Between Marvel and DC Comics, there’s a significant glut of alternate universes, alternate versions, and blatant rip-offs of various characters. When a character becomes as successful and iconic as Batman, it’s somewhat unavoidable. For every iconic hero, there are a hundred more that are as much an afterthought as a typical storm trooper on Star Wars. For that same hero, there are plenty of other versions that attempt to milk the success of that icon to the utmost and beyond.
Batman is no stranger to derivations and alterations. Some, such as Terry McGuinness from Batman Beyond, find a way to be successful. Others turn into gimmicks, at best. However, none can ever claim to have tried something as bold as Sean Murphy tries in Batman: White Knight #1. This story doesn’t just tweak the winning formula that has made Batman so successful over the past 70 years. It turns it on its head, inside out, and everything in between.
Murphy dares to invert one of the most fundamental conflicts in the Batman mythos, namely that between him and the Joker. This struggle, which dates back to the earliest days of Batman, is the conflict that most defines him. His pursuit of justice is an unstoppable force, but the Joker’s maniacal chaos is an immovable object. For decades, neither one of them seems able to subvert the other. Murphy decides to take that conflict a step further, so much so that it changes the rules of the conflict entirely.
It’s a concept that can either break new ground or collapse on itself. Batman: White Knight #1 walks a fine line with that concept, attempting to flesh it out without the aid of time paradoxes, lazarus pits, or meddling by Dr. Manhattan. When dealing with someone as deranged as the Joker, that counts as an accomplishment. However, by the end of the issue, it’s not the Joker that seems deranged. It’s Batman and that counts as an even greater accomplishment.
Murphy doesn’t necessarily deconstruct Batman. He isn’t driven crazy, broken spiritually, or manipulated with some elaborate mind game. Instead, the Joker simply puts himself in a position to point out the glaring flaws in how Batman conducts himself. It goes beyond any arguments around justice, chaos, or the comedic value of clowns. He dares to stand up to Batman and tell him, flat out, that he’s the crazy one. He’s the one who does far more damage to Gotham than any maniacal clown ever could.
It’s a strange but compelling argument. On paper, it doesn’t check every box, but it’s hard to overlook the signs. Batman is, as the Joker puts it, a catalyst for the crime and injustice that he claims to fight against. He doesn’t see his efforts to fight criminals as an effort to improve Gotham. He sees it as some selfish ploy by Batman to fix a soul that was broken before the Joker ever introduced anyone to exploding pies. While he doesn’t put too much substance behind the argument, it does highlight some glaring issues with Batman that even his most ardent defenders can’t deny.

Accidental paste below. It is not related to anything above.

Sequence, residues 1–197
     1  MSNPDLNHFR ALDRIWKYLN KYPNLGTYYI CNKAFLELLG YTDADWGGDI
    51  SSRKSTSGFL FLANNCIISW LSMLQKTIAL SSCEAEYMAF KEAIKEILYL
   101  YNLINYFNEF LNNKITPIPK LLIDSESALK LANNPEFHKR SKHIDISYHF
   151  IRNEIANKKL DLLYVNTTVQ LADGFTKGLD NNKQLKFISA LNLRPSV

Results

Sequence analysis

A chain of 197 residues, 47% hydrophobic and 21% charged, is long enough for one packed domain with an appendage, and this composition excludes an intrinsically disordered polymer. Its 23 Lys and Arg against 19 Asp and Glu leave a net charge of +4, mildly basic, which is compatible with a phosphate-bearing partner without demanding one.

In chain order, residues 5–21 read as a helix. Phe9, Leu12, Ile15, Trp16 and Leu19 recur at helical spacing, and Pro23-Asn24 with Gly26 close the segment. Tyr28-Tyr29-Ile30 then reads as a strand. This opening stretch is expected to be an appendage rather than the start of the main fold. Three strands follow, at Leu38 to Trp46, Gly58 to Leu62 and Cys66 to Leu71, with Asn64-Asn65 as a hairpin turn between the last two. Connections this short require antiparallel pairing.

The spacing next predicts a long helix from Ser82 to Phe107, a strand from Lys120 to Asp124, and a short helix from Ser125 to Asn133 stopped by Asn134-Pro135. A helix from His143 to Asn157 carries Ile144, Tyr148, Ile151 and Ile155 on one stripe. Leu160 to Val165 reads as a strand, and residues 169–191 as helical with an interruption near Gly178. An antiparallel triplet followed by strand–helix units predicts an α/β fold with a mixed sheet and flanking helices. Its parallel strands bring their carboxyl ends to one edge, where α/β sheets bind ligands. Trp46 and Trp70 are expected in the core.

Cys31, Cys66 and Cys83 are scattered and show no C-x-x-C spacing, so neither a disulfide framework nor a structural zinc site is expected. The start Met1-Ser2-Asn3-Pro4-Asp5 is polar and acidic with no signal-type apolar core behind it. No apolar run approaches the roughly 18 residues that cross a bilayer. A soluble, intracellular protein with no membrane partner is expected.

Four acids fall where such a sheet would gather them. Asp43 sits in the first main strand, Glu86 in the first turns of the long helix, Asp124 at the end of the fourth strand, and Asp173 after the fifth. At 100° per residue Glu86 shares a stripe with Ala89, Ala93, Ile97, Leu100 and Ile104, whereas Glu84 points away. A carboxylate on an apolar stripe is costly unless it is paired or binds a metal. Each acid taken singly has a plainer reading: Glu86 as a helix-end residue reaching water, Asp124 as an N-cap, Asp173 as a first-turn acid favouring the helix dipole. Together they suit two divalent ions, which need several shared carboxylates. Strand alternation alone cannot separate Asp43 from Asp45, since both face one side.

That argument makes the narrative of Batman: White Knight #1 engaging and nuanced. It comes off as a necessary and overdue criticism, of sorts, for Batman’s methods and the extent to which the Gotham Police tolerate it. Beyond that argument, though, the particulars are somewhat underdeveloped. There are more than a couple contrivances that get squeezed into the story to make it work, primarily the method Batman uses to render the Joker sane enough to make these arguments in the first place. It’s not the same as another chemical bath or a trick by Mr. Mxyzptlk, but it’s not far off.
The ease with which the Joker tempts Batman and the apparent lack of effort Batman puts into resisting that temptation comes off as shallow. The complexities of Batman that are almost always on full display seem muted. While there’s some context to Batman’s shortsightedness, it relies too much on making excuses for his attitude rather than actually countering the Joker’s arguments. That it’s an excuse ripped from the Batman and Robin movie doesn’t help, either.
In addition, Batman: White Knight #1 doesn’t attempt to flesh out the mystery surrounding the Joker’s backstory, which has been a key element to his character since the days of Alan Moore. It essentially removes the mystery, giving the Joker a name, a method, and an identity behind the clown makeup. There’s no shocking revelation or cosmic insight from the Mobius Chair. It’s presented as something that could easily be gleaned from a quick Wikipedia search.
In some respects, though, removing the Joker’s mystery is necessary for the story. It’s the only way for him to really counter Batman on a personal and philosophical level. Once the clown makeup comes off, he somehow becomes more daunting because he no longer has the visage of insanity holding him back. Instead, he becomes a man who exposes the lies, jokes, and frauds without laughing at them. Take away that twisted sense of humor and it’s not clear whether he’s a villain or a hero at this point.
That’s the greatest appeal of Batman: White Knight #1. It presents Batman with an existential crisis that doesn’t involve deadly novelty gags, crippling close friends, or corrupting innocent souls. It calls into question the methods and justifications he puts into being Batman, as well as the price that others pay for his actions. In a sense, nobody has ever been either crazy or sane enough to attack Batman on this level. It’s only fitting that the one person capable of that feat is the Joker.